Unflinching Witness: Kwasniewski’s Tradition and Sanity (Review)

Kwasniewski - Tradition-Sanity
Tradition and Sanity: Conversations and Dialogues of a Postconciliar Exile by Peter A. Kwasniewski

Many good, decent Catholics are aware of the obvious evils of our time, including (though hardly limited to) abortion, pornography, euthanasia and the environments created by divorce and same-sex marriage that cannot help but scourge our children.

These are blatant. And many faithful Catholics, traditionalists, charismatics and others, take admirable, even heroic action to counter them.

But what of more subtle forms of evil? What to do when something is not a glaringly, flagrant contradiction of all the Church has taught for two thousand years, but rather works in a subtle, insidious fashion – drip-by-drip-by-drip – slowly carving out a great canyon of despair?

Truly, I look at the world and see evils scarcely spoken of: whether it is the way “harmless” television series champion mediocrity, drip-by-drip-by-drip, lowering our moral standards decade by decade or whether it is the “harmless” way poor liturgy likewise champions mediocrity, drip-by-drip-by-drip, decade by decade.

We are lulled to sleep by all these “harmless” hypnotic REPETITIONS in our lives, whether it is hearing lyrics like “Imagine there’s no heaven” again and again and again or whether it is attending the most sublime miracle this world has to offer – the Holy Sacrifice of the Mass – and hearing again and again and again banalities that obscure what truly happens at the altar.

In short: we need to be awake to every form of evil, whether flagrant or subtle.

My Own Video on TLM and Kwasniewski—Article Continues Below

The glory of Peter A. Kwasniewski’s Tradition and Sanity is that it not only reveals bracing, unflinching awareness of the tragedy of the liturgy, but also greatly serve to promote bracing, unflinching awareness.

Kwasniewski is very aware of all the subtle ways so many Catholics, well . . . FLINCH when confronted with this tragedy.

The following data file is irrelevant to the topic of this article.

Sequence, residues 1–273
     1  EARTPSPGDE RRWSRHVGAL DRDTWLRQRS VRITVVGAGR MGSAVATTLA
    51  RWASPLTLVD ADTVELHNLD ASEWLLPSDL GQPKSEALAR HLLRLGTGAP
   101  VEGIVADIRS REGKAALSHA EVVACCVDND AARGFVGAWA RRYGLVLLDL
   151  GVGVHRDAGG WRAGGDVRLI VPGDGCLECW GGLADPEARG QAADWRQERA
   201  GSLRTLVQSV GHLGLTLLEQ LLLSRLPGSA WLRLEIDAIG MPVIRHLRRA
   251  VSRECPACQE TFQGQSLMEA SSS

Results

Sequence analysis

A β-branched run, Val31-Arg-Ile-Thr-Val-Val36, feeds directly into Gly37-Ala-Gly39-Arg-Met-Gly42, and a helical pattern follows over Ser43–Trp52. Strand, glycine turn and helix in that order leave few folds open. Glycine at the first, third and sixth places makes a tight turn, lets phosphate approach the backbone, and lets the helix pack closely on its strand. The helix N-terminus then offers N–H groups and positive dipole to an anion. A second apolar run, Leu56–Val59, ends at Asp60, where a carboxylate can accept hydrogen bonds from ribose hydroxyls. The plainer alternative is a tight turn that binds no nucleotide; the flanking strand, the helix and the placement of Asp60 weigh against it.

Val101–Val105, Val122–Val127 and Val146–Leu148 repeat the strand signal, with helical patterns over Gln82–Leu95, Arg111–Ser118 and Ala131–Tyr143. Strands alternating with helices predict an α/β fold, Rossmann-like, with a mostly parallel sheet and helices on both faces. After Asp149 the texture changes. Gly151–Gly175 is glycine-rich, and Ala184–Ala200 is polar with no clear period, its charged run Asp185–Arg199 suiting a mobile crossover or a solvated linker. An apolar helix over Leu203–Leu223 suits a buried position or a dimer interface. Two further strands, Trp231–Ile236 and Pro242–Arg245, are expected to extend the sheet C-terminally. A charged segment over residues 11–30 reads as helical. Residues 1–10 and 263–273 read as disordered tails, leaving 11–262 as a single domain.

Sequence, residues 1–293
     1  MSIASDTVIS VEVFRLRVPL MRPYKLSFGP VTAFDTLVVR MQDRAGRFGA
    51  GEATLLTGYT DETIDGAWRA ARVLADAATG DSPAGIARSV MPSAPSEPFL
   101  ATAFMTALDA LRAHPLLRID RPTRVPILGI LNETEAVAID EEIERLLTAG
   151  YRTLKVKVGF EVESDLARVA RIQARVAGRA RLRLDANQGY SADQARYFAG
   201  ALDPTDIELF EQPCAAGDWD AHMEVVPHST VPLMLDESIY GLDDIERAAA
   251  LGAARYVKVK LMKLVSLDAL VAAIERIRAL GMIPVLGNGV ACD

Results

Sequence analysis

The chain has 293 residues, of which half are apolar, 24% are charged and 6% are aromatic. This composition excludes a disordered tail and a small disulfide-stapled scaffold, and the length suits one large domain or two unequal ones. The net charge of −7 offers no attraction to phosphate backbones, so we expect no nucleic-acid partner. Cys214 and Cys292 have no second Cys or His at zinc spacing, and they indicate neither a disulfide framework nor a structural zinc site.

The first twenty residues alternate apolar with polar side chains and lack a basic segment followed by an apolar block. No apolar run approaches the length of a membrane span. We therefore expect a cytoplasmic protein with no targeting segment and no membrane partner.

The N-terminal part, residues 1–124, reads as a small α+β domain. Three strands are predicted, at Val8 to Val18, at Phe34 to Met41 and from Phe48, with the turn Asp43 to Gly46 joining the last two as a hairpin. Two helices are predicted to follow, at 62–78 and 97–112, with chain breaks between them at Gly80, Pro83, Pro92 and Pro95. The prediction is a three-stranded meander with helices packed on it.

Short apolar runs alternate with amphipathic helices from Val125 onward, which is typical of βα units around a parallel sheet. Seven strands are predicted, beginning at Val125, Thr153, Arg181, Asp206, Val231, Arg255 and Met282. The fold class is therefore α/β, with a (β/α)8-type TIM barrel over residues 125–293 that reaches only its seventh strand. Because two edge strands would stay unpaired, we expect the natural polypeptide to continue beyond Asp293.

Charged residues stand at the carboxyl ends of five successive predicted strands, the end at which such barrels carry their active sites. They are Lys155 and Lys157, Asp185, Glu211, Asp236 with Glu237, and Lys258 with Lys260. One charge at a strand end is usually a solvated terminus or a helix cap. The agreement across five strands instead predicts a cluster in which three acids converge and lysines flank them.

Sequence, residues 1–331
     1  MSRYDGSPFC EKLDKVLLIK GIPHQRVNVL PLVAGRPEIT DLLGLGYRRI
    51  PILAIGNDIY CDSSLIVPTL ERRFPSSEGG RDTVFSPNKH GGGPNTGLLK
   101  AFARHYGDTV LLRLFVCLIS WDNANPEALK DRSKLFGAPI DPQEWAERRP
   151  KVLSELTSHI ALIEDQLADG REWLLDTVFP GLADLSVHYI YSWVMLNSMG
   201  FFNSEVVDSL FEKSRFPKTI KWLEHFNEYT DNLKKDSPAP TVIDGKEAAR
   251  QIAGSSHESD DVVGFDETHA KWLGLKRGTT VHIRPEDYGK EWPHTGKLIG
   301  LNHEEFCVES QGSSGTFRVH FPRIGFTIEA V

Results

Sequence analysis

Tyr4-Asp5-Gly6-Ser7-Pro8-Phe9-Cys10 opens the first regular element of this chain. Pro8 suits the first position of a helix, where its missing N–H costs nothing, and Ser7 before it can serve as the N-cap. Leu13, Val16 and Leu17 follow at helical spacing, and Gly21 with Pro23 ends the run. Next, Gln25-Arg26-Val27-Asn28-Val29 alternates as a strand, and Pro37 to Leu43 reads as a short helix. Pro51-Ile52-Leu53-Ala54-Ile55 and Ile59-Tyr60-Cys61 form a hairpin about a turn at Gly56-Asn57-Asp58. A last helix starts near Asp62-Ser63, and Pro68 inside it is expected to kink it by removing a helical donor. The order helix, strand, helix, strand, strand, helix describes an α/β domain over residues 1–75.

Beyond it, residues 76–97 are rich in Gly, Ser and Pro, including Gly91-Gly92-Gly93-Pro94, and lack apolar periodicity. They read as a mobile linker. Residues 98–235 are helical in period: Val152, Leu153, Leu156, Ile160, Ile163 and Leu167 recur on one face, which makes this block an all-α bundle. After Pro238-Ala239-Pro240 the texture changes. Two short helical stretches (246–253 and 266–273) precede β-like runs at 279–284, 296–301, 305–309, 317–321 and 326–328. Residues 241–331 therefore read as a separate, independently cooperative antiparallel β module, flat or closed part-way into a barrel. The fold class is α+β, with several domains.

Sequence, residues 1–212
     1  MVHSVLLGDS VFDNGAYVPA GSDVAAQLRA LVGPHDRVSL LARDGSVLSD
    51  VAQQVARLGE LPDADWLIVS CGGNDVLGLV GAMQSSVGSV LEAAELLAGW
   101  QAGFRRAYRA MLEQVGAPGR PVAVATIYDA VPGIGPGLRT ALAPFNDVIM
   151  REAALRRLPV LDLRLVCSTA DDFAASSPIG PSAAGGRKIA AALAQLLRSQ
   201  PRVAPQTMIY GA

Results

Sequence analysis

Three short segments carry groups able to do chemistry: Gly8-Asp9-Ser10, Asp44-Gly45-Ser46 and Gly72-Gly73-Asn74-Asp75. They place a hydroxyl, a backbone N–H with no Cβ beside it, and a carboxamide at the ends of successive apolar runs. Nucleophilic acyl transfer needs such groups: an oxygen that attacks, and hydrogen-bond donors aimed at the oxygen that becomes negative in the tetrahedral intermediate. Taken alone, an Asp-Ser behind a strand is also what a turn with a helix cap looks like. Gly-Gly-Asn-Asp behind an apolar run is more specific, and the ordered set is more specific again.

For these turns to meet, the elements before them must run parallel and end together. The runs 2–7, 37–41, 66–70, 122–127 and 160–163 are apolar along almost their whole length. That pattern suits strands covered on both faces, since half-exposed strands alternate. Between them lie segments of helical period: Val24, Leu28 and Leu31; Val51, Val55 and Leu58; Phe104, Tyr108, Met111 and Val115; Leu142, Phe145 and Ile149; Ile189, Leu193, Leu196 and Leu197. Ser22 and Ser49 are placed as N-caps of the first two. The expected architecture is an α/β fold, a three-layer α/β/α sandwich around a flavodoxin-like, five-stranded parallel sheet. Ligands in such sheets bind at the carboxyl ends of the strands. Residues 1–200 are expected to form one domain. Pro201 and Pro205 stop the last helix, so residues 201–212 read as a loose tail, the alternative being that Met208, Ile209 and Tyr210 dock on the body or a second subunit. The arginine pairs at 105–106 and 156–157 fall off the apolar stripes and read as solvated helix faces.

“Oh, it can’t really be that bad can it? Father Bob is a nice guy! Surely it’s not that big a deal, if he likes to crack jokes at the altar or the musak the choir sings is insipid or nobody really has the slightest idea His Body, His Blood have just become present at the Altar?”

Here Kwasniewski lays out – precisely and meticulously – why it is a big deal, no matter how “nice a guy” Father Bob is.

And he shows why the traditional Latin Mass makes up for the human failings of nice guys like Father Bob.

Because if Father Bob began to celebrate according to the traditional rite, everything about that rite would compensate for his human failings, just as it has compensated for priests’ human failings for nearly two thousand years . . .

Yes, a host of arguments is marshalled here on many fronts: historic, theological, philosophical, even poetic – all very revealing as to how modern liturgy has fallen into a rationalist, utilitarian, anthropocentric (about us rather than Him!) trap.

It is yet another impressive, erudite feat from Dr Kwasniewski, whose earlier books I praised at this site and who I pay further tribute to in a video at the bottom of this page.

This book, though, is different from the others. Much of its contents are either written in dialogue format or indeed are actual dialogues (interviews) with Kwasniewski. The result makes the book very readable indeed and some might possibly find it easier to absorb than his earlier efforts.

Occasionally, the tone is sharper, too, than the previous books, reflecting a heart in pain:

Everywhere the liturgy is in shambles. It is badly celebrated, with scandalous contempt for the sacred . . . The diseases of individualism, utilitarianism, and minimalism have settled into every part of the body like a wasting cancer. The liturgy is in an almost perpetual state of abuse.

That which is most precious, most pure, most holy, and most sanctifying has become an abomination of desolation.

This situation moves me to anguish, indignation, and zeal, as it does anyone who wishes to serve the Lord in the “beauty of holiness.”  I wish to do something about it . . .

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Now, not so long ago, I was upbraided online for praising Kwasniewski – or at least I felt upbraided by a man I respect who, moreover, has done much to support the Latin Mass over many years.

What can I say? Perhaps Kwasniewski has a different, more passionate temperament than this man.

If so, God created passionate temperaments too, along with milder ones.

I know, right now, we need such passion.

I would also note Kwasniewski is a far more acute observer of Vatican politics and Catholic cultural attitudes than the vast majority of us. The book has much to offer in these terms, too.

And one may well find that the more one knows, the more one’s heart is in pain.

We need hearts in pain, rather than hearts asleep.

We need more people moved to “anguish, indignation and zeal” about the state of the liturgy.

What can I say?

I say: this book is filled with unflinching passion, erudite argumentation, poetic sensitivity, plus awareness of what is truly going on in today’s Catholic Church.

And I pray: may all these gifts that Kwasniewski gathers here awaken us to the most serious, fundamental malady of our age: how the Church, which is the Heart of the World, has forgotten her way.

A Kwasniewski Quartet


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